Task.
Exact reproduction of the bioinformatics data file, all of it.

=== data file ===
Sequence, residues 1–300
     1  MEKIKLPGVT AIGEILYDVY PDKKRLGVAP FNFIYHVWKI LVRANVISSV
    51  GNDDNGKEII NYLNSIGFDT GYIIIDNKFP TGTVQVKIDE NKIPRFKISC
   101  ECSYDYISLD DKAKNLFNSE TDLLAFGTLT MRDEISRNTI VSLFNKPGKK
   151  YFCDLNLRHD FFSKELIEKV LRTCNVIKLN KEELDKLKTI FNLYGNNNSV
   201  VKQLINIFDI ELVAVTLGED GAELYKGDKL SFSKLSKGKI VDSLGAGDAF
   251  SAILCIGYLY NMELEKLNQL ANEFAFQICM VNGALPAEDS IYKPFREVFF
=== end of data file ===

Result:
Sequence, residues 1–300
     1  MEKIKLPGVT AIGEILYDVY PDKKRLGVAP FNFIYHVWKI LVRANVISSV
    51  GNDDNGKEII NYLNSIGFDT GYIIIDNKFP TGTVQVKIDE NKIPRFKISC
   101  ECSYDYISLD DKAKNLFNSE TDLLAFGTLT MRDEISRNTI VSLFNKPGKK
   151  YFCDLNLRHD FFSKELIEKV LRTCNVIKLN KEELDKLKTI FNLYGNNNSV
   201  VKQLINIFDI ELVAVTLGED GAELYKGDKL SFSKLSKGKI VDSLGAGDAF
   251  SAILCIGYLY NMELEKLNQL ANEFAFQICM VNGALPAEDS IYKPFREVFF